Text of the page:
A July 2014 report by the World Health Organization (WHO) suggested a variety of restrictions for e-cigarettes, including a ban on indoor use of e-cigarettes until “exhaled vapor is proven to be not harmful to bystanders and reasonable evidence exists that smoke-free policy enforcement is not undermined.”  The Fix pointed out how the tobacco industry is entering the e-cigarette industry. Phillip Morris International has purchased the UK company Nicocigs, an e-cigarette maker. The Fix has several articles on e-cigarettes available, including pro and con sounding titles.

In October of 2014, six U.S. senators signed a letter to the FDA urging companies to label e-cigarettes, “listing all of the health threats the products pose.” Then there is Dr. Nathan Cobb, an assistant professor of medicine at Georgetown School of Medicine who thinks e-cigarettes could bring down traditional smoking and save thousands of lives in the process. However, Dr. Stanton Glantz, doesn’t believe that e-cigarettes are as effective in helping people quit smoking as marketing claims they are.

This commentary assumes that e-cigarettes, as currently in the marketplace, will help people quit smoking and ignores the consistent evidence from population-based studies that smokers who use e-cigarettes are about one-third less likely to quit smoking.

There is growing concern that e-cigarettes aren’t really that safe. Ryan Aliapoulios on the AfterPartyChat website noted the obvious problem, “they still deliver the same addictive chemical at the root of so many other health problems: nicotine.”  He mentioned a study, “A Molecular Basis for Nicotine as a Gateway Drug,” that said while e-cigarettes eliminate some of the morbidity from combustible tobacco, they are “pure nicotine-delivery devices.” They have the same effects on the brain as smoking tobacco and they pose the same risk of addiction.

The authors said the use of e-cigarettes is rapidly increasing among adolescents and young adults. “Our society needs to be concerned about the effect of e-cigarettes on the brain, especially in young people, and the potential for creating a new generation of persons addicted to nicotine.”

In “E-Cigarettes Are Not As Harmless As We’ve Been Told,” The Fix reported that Dr. Glantz and his research team found that e-cigarettes produced greater risk than initially thought, “delivering high levels of nano particles which can trigger inflammation and have been linked to asthma, stroke, heart disease, and diabetes.” Glantz was furthered quoted as saying that e-cigarettes are rapidly increasing in popularity with kids. While they are promoted by tobaccos companies that have purchased e-cigarette companies as a way to quit smoking, a safer less polluting alternative to regular cigarettes, “What the evidence to date shows is that while a puff on an e-cigarette isn’t as dangerous as a puff on a regular cigarette, the main effect they seem to be having is to keep people smoking cigarettes.”

So what about e-joints? They actually exist, according to Scientific American. There is a Dutch company, E-Njoint, BV that has released what it says is the first electronic joint—the E-njoint Disposable. It is battery-powered and vaporizes a liquid vegetable-glycerin and polypropylene-glycol with added flavoring. Polypropylene-glycol is the “e-liquid” used in e-cigarettes. Glycerin is colorless and odorless liquid that is widely used in pharmaceutical formulations.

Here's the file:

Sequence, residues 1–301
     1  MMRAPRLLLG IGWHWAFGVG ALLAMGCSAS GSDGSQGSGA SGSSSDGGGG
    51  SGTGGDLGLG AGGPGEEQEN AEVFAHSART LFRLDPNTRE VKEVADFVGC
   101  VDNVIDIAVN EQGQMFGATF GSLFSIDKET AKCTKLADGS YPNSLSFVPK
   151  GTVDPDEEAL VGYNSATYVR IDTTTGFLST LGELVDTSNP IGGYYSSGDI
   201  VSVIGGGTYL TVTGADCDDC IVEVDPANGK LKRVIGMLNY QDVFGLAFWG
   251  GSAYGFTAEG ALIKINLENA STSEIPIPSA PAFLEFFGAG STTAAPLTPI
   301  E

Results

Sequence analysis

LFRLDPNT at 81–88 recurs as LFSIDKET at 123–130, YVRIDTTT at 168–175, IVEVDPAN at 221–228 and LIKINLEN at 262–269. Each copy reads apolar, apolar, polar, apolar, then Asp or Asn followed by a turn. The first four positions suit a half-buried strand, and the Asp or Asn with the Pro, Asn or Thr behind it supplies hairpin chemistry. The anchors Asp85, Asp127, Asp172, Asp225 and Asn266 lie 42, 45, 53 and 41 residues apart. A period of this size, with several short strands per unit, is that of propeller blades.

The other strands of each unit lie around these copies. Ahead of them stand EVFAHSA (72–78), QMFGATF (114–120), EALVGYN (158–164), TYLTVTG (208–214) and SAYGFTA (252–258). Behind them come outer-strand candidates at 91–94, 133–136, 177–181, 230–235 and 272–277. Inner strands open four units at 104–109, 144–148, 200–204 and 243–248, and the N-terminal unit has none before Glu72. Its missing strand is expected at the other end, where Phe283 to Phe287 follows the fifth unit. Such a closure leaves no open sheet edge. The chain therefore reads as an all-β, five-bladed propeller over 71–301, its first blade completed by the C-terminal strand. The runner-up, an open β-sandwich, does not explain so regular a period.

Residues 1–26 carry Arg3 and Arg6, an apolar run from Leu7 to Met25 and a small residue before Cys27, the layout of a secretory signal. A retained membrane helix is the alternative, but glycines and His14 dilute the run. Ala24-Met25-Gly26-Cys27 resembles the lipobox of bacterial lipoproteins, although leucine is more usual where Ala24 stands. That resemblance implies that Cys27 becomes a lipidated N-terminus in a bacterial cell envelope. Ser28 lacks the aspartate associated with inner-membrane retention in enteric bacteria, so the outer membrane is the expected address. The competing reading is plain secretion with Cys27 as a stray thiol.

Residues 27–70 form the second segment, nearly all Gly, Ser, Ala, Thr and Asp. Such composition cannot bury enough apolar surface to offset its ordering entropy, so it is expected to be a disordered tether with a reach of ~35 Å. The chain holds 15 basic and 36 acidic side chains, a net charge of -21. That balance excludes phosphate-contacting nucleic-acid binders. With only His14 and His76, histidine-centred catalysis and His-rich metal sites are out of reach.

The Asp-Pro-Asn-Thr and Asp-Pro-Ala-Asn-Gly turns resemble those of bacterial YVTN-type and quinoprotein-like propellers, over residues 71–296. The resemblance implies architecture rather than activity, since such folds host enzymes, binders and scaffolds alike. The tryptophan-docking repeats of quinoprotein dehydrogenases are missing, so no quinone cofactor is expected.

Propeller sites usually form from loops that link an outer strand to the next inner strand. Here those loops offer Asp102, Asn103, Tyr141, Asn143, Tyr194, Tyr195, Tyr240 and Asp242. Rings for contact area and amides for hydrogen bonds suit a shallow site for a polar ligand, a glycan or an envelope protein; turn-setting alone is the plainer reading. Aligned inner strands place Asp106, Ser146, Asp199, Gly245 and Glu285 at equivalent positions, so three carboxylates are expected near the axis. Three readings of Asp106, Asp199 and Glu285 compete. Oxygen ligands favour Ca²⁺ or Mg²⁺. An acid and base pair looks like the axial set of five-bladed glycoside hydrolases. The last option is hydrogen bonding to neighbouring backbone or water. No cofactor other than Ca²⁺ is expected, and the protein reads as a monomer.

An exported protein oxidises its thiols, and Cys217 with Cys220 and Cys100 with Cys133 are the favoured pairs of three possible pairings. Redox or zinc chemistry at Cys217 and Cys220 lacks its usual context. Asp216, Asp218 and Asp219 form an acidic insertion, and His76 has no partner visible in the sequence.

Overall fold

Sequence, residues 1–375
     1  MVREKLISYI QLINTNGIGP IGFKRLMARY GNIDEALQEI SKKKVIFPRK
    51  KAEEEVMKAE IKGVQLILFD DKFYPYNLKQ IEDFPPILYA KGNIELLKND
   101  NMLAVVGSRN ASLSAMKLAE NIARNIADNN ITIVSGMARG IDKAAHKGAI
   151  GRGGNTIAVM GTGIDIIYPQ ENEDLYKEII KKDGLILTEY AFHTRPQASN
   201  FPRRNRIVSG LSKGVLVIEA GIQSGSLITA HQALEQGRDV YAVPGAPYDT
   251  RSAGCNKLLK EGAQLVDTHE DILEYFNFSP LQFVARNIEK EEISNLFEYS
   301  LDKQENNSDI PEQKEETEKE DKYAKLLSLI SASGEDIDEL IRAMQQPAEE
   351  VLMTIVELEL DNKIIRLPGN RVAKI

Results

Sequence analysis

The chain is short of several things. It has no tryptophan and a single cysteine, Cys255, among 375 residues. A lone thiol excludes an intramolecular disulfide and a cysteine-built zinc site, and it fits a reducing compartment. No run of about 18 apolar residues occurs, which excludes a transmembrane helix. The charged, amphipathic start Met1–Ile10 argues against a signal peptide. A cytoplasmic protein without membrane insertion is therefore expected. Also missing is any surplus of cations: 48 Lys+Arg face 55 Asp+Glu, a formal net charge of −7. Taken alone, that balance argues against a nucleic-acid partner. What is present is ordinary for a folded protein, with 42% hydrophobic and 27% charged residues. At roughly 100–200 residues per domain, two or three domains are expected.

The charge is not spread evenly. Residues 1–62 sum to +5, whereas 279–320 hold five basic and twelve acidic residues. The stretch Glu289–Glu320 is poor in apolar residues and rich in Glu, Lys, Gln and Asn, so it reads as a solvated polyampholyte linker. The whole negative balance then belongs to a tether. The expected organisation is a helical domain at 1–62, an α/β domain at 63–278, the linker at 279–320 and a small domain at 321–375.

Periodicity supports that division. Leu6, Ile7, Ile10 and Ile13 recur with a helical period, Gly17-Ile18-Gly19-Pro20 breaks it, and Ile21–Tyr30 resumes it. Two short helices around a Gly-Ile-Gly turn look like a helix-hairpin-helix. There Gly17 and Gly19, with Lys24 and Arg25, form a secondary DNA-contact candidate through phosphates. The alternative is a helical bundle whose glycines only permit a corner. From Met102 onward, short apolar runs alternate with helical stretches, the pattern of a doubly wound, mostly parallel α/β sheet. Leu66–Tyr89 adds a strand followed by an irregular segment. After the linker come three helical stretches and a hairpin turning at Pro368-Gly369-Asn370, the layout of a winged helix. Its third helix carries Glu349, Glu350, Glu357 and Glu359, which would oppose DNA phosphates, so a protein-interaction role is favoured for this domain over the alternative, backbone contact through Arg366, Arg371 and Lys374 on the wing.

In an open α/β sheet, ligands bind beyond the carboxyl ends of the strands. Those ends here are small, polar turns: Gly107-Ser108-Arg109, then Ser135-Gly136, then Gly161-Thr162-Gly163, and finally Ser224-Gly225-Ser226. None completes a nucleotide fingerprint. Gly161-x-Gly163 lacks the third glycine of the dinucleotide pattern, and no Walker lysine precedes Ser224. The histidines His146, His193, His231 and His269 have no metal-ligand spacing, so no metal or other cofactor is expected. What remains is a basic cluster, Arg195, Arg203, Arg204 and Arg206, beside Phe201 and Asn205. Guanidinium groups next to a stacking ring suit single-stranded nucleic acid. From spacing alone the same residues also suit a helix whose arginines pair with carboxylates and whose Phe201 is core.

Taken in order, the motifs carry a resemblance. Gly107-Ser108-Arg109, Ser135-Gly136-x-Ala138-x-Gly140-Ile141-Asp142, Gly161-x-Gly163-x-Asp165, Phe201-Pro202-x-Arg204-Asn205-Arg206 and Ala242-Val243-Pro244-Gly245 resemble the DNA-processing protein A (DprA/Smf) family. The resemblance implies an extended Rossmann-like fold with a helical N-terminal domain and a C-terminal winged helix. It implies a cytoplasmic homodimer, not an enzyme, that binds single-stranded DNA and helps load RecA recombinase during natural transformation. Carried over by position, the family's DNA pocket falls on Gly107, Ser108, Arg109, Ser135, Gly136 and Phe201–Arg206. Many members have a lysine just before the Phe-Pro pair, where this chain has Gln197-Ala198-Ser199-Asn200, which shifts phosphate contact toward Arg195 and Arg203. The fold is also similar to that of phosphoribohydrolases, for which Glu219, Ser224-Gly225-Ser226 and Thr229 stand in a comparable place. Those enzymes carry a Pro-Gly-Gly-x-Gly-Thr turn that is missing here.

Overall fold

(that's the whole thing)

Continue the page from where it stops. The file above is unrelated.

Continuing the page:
The next version of the E-Njoint will be both rechargeable and capable of being filled with cannabis or a derivative. “Once the cartridges are empty, users are able to fill these cartridges with a liquid. Those liquids may be standard liquids bought at any store around the world or it could be an extract of a cannabis plant.” The company also plans to release an e-joint that can be used with “dry herbs,” like marijuana.

Pamela Ling of the Tobacco Control Policy Fellowship at the University of California, San Francisco’s Center for Tobacco Research and Education said that while the Dutch company is the first to call its product an ‘electronic joint,’ “the idea of using electronic vaporizers for THC or marijuana is not new, and this company is far from the first. ”

An NPR report on “vape pens,” handheld vaporizers for marijuana, noted how they are reshaping the marijuana business and culture. Two years ago, one man was selling vape pens out of the trunk of his car. Now his company, Grenco Science, has a 6,000 square foot headquarters in central Los Angeles.

The concentrates used in vape pens can be very strong. As I noted in a previous, article, “A Little Dab Will Do Ya,” hash oil concentrations can reach 90 percent THC, while the most potent marijuana is usually no more than 20 percent. These high THC levels are even a concern for Allen St. Pierre, the executive director of NORML, the National Organization to Reform Marijuana Laws:

Between the fact that you can potentially pass out with a single inhalation, or you can have such property damage and potential bodily harm just producing it … these [issues of the vape pen] definitely need to be addressed. . . . This is a screaming call for regulation if there ever was one.